NY rides to Coney Island’s aid
Michael Bloomberg, narrowly elected this month for a third term as New York’s mayor, is to sign a $95.6m cheque on the city’s behalf to ensure the future of the mother of all fairground resorts at Coney Island.
Coney Island awaits wheel of fortune’s turn – Sep-11In what he described as a “win-win-win” situation, the mayor announced a deal with Joseph Sitt, a New York developer, to buy just less than seven acres of the rundown neighbourhood for redevelopment as a world-class entertainment district.
With New York facing a $5bn (€3.4bn, £3bn) deficit this year, The New York Times newspaper described the price tag of $300 per square foot as “a huge amount in the current market”.
Mr Bloomberg nevertheless appeared to have scored a populist point by coming to the rescue of a downmarket district of a city severely hit by the effects of the financial crisis.
Even campaigners who had attacked the city’s neglect of the oldest seaside destination in the US welcomed the deal as a first step towards the resort’s revival. Coney Island predates Florida and California as an entertainment destination and provided a model for popular resorts before the era of mass tourism.
The deal announced this week ended a four-year stand-off between the city and Mr Sitt, head of Thor Equities, who spent $140m accumulating property in the neighbourhood.
Mr Sitt would not comment on the financial aspects of the deal but he told the Financial Times: “At a certain point the mayor and I realised we would have to partner up on this. This is good for New York City and it’s good for the United States of America.”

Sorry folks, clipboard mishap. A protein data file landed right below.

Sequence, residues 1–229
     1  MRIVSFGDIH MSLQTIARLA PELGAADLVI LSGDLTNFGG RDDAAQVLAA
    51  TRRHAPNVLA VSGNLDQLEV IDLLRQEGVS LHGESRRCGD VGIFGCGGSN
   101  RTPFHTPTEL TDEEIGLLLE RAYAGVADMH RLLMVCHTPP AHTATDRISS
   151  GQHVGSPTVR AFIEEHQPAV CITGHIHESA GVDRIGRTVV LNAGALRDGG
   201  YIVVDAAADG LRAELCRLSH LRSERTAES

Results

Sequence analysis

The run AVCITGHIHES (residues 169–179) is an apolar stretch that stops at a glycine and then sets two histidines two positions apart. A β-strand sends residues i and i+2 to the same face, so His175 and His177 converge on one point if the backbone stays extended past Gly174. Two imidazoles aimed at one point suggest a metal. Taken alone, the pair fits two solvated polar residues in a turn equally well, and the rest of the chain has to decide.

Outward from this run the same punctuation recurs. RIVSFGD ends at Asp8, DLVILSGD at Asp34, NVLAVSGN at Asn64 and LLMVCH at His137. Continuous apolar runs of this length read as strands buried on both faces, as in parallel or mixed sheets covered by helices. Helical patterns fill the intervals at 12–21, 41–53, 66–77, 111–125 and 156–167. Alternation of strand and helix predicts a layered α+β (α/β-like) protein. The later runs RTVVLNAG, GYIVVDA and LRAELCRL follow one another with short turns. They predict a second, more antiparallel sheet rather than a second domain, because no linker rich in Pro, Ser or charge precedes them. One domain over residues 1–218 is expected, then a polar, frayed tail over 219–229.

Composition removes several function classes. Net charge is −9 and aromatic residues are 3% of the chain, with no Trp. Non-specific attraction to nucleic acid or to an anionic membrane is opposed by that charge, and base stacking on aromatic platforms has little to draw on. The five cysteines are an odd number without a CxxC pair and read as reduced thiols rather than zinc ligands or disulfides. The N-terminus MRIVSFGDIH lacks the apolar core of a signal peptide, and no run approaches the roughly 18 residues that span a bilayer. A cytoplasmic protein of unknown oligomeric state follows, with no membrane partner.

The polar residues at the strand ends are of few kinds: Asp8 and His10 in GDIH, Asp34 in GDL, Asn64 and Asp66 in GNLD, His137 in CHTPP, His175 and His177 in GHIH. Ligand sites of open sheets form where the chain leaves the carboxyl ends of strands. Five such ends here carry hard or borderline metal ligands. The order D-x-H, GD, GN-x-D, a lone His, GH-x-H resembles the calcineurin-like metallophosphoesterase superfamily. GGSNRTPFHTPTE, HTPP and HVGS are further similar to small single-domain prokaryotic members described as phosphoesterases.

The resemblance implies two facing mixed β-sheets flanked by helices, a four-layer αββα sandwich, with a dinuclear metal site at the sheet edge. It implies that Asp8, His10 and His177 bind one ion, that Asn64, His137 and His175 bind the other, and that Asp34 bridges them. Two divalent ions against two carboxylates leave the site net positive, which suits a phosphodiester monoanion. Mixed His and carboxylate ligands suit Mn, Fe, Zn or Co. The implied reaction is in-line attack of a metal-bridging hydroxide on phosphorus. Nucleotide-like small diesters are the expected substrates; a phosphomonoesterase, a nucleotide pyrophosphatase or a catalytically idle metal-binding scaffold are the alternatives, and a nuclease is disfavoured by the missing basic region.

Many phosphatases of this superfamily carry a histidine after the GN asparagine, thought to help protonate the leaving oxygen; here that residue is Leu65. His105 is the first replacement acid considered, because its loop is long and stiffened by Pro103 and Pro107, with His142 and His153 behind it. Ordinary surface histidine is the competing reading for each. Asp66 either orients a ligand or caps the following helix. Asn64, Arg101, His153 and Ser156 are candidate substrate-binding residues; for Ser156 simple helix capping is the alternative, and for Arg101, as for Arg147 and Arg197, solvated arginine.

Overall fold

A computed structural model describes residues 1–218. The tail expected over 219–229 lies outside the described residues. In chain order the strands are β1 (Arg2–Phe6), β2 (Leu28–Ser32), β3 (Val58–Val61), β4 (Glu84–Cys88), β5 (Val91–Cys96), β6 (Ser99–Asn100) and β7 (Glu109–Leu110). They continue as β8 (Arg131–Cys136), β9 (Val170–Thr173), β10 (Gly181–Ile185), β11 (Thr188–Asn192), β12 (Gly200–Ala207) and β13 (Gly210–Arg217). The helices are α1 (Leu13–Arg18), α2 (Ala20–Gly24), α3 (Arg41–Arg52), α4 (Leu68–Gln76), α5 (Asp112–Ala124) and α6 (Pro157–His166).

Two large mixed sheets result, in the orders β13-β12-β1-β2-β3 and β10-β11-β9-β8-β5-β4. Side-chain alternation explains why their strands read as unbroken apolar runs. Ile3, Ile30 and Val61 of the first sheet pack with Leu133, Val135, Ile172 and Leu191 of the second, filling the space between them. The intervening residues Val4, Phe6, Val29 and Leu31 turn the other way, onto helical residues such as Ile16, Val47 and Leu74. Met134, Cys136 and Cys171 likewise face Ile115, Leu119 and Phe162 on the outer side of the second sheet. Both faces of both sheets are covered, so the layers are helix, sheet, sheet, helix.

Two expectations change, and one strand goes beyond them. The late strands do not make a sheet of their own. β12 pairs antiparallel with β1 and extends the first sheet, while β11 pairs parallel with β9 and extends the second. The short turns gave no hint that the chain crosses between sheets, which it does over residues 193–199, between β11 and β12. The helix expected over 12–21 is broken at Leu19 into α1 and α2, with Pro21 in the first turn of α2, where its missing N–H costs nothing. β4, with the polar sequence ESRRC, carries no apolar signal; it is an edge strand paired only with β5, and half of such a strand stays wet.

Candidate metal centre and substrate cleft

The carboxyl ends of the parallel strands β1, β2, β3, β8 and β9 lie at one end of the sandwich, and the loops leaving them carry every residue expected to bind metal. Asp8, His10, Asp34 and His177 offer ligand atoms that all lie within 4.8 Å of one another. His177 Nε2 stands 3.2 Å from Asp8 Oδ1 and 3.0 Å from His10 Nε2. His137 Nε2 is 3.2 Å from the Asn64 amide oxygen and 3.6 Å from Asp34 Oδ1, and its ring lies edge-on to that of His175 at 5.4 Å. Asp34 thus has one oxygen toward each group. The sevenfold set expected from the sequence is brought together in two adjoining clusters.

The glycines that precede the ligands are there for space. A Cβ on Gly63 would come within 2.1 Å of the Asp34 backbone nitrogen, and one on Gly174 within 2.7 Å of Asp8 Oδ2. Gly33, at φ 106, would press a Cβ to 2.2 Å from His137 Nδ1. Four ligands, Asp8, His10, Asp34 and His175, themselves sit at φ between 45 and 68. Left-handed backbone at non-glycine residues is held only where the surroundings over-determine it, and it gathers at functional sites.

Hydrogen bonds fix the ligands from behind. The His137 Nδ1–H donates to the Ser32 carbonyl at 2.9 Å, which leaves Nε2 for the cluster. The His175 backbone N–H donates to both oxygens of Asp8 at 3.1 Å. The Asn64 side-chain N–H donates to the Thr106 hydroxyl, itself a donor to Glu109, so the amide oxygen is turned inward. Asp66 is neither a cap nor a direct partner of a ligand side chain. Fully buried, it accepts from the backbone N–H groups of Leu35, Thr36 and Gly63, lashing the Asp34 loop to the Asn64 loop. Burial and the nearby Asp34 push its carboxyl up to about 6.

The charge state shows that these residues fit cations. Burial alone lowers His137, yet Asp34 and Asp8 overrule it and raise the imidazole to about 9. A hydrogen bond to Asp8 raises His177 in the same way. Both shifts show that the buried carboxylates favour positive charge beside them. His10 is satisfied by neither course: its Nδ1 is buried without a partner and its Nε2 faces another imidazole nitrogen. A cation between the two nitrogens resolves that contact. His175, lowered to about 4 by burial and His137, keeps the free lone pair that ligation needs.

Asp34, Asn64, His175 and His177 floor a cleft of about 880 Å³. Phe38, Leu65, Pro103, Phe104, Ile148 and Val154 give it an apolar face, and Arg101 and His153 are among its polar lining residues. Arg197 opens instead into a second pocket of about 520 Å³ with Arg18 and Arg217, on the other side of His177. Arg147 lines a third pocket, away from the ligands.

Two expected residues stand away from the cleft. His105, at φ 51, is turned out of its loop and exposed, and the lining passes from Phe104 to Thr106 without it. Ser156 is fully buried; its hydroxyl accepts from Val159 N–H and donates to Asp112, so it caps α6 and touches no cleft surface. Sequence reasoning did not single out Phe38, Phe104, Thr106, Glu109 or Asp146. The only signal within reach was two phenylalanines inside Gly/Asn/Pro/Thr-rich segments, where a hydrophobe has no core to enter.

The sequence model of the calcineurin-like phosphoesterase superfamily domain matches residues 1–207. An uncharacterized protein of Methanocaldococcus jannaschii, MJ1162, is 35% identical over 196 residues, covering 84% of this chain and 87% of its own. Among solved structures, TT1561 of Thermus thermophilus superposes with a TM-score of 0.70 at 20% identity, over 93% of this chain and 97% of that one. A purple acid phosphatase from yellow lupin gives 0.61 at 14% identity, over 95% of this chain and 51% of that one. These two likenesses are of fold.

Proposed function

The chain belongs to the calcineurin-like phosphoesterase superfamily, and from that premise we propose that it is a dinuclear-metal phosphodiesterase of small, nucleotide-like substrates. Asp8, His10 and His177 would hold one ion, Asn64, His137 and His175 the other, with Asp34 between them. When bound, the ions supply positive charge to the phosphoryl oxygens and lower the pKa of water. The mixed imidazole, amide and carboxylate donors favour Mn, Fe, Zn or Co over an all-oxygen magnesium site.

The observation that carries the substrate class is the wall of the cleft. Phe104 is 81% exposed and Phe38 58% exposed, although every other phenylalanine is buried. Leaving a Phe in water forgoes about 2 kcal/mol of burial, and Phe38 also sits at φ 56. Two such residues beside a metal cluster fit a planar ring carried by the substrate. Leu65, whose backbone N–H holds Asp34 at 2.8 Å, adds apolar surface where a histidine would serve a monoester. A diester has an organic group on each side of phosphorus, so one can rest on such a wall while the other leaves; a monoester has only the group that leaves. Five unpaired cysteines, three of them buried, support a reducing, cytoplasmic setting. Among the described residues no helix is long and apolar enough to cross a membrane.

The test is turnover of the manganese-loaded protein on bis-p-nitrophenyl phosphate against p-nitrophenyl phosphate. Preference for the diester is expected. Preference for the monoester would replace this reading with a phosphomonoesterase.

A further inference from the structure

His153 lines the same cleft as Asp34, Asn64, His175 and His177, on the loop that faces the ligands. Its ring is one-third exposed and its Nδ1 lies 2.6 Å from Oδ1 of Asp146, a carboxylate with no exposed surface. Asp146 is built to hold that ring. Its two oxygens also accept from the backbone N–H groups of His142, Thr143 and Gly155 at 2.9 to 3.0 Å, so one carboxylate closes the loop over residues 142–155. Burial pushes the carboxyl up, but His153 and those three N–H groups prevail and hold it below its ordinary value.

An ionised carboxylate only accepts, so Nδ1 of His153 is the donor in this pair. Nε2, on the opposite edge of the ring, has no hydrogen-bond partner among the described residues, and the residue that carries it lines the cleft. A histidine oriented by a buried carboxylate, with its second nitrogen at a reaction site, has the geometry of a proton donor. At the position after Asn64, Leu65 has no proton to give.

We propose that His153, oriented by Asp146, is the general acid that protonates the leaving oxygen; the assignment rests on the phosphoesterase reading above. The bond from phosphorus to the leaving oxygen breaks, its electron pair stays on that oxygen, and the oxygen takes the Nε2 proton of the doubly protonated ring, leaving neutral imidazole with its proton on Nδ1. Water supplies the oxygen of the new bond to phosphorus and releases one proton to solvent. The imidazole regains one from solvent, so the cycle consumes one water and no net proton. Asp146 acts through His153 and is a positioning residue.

The city changed the zoning for Coney Island this year to allow for the construction of multi-storey hotels, shopping centres and residential units looking out on the Atlantic Ocean. Mr Sitt said he planned to use acreage that he still owned to develop hotels and retail units under the city’s rezoning plan. Mr Bloomberg, an independent, won a third term as mayor this month on a sharply reduced majority after backers of his Democratic rival accused New York’s richest man of being the candidate of Wall Street.
He has been forced to shelve other projects to develop New York as a tourism and convention destination in the face of dwindling revenue and opposition from the New York state assembly.
By riding to the rescue of the “People’s Playground”, however, he has bid for some early goodwill for his third term.
However, campaigners and local entertainers who kept the neighbourhood alive during decades of planning blight are reserving judgment.
They would have preferred to see Mr Sitt’s holdings bought outright.
“Unless the city purchases the rest of Thor Equities’ land, a large portion of the amusement area will remain subject to the whims of real estate speculation and the future of Coney Island will remain at risk,” said Juan Rivero, a spokesman of the Save Coney Island campaign.
By Harvey Morris in New York